With these prospects, the number of refugees has been decreasing since 2015. In that year more than one million refugees crossed the Turkish border to stay in Greece. Now, that number is around 5000 refugees, as United Nations predicts. The pact between the European Union and Turkey creates even more obstacles to get in Europe. With this deal, the European Union, Turkey and Greece agreed that every refugee or migrant who reach the Greek islands by the Aegean Sea illegally would be deported to Turkey.
Athens horizon :: Àlex Llorca
The original plan was designed by Germany and it included a mainland route which connects Greece and Germany across Europe. This plan, as Yiannis Babulias, journalist for the Guardian and Al-Jazeera, describes as having a “flip side.” Every country involved in the route started closing their borders as a demand of the right and far-right policies. Countries as Austria and Serbia, for instance, started a conservative reaction, applying policies to over-control immigration. These kind of policies are very rooted in Greece with parties as Golden Dawn (fourth most voted party in 2015), ANEL (in coalition with Syriza) or New Democracy (major opposition). This paradigm introduces a new space for racism and xenophobia. “They are feeling more comfortable, they can attack now because they feel themselves legitimized,” tells Baboulias.
Even in welcoming places like Exarchia, “self-organized far right groups” have been attacking squatted buildings where refugees live, like Notara 26, since 2016. Recently, the Migration Center Steki’s door was burnt in an attempt to assault the place violently. Hopefully, there were nobody, but this shows an ugly reality: racist hate crimes tripled in 2017 (133 cases compared to 48 in 2016).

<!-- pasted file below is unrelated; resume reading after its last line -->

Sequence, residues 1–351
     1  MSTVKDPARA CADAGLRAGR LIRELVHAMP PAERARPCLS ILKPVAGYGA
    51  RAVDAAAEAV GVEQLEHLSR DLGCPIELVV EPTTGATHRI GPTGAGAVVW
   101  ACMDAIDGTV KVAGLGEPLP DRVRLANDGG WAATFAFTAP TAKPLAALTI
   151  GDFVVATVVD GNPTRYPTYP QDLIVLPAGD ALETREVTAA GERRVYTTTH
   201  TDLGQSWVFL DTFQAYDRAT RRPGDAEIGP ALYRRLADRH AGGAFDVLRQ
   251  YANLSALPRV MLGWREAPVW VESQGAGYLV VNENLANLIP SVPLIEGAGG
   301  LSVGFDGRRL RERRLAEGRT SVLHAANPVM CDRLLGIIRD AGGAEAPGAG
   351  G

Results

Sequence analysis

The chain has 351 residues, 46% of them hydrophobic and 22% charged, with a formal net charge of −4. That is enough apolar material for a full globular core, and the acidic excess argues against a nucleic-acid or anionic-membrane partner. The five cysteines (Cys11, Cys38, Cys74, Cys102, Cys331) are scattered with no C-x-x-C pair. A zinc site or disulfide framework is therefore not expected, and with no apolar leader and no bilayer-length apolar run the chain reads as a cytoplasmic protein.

Every refugee who wants to reach Europe has to cross the Turkish-Greek border, be sent to a RCI and pray for asylum documents whiledealing with xenophobia and racism. This process includes one more step in the worst case, which is getting stuck in the Greek Islands. As a journalist, Baboulias has covered many stories in Lesvos, Chois, Samos, Leros and Kos. “Inhumane, shitty camps with no organization, no health service, ruled by just three or four volunteers and fed once a day,” admits the Greek journalist.
In May 2018, Bashar al-Assad, the Syrian president, announced a law that forced more than 10 million Syrians to claim their houses or risk forfeiting them to the state. The majority of Syrians in Greece are unable to prove the ownership of their properties, so now their houses are property of Syrian state, leaving refugees in a tough situation. They are trapped in Greek camps without any hope or chance to come back to Syria.
Greece is introduced as the only chance for the refugee community and Exarchia is playing a key role.
The neighborhood of Exarchia was created in the last years of the 19th century and is a place where many intellectuals and artists have lived and grown up. The neighbourhood is painted from top to bottom, full of graffiti and urban art that beautify every street and building. It gives Exarchia a unique style where political messages overwhelm every wall and little porch. Exarchia is also a green space plenty of trees, parks and plants that swallow the little stairs, connecting different zones. It is a place where the immigrant population implies the majority of the neighbourhood. Baboulias and Leo Dobbs explain this place is a common destination for those who are afraid and are looking for safety.
Window broken in Exarchia’s Polytechnic University :: Àlex Llorca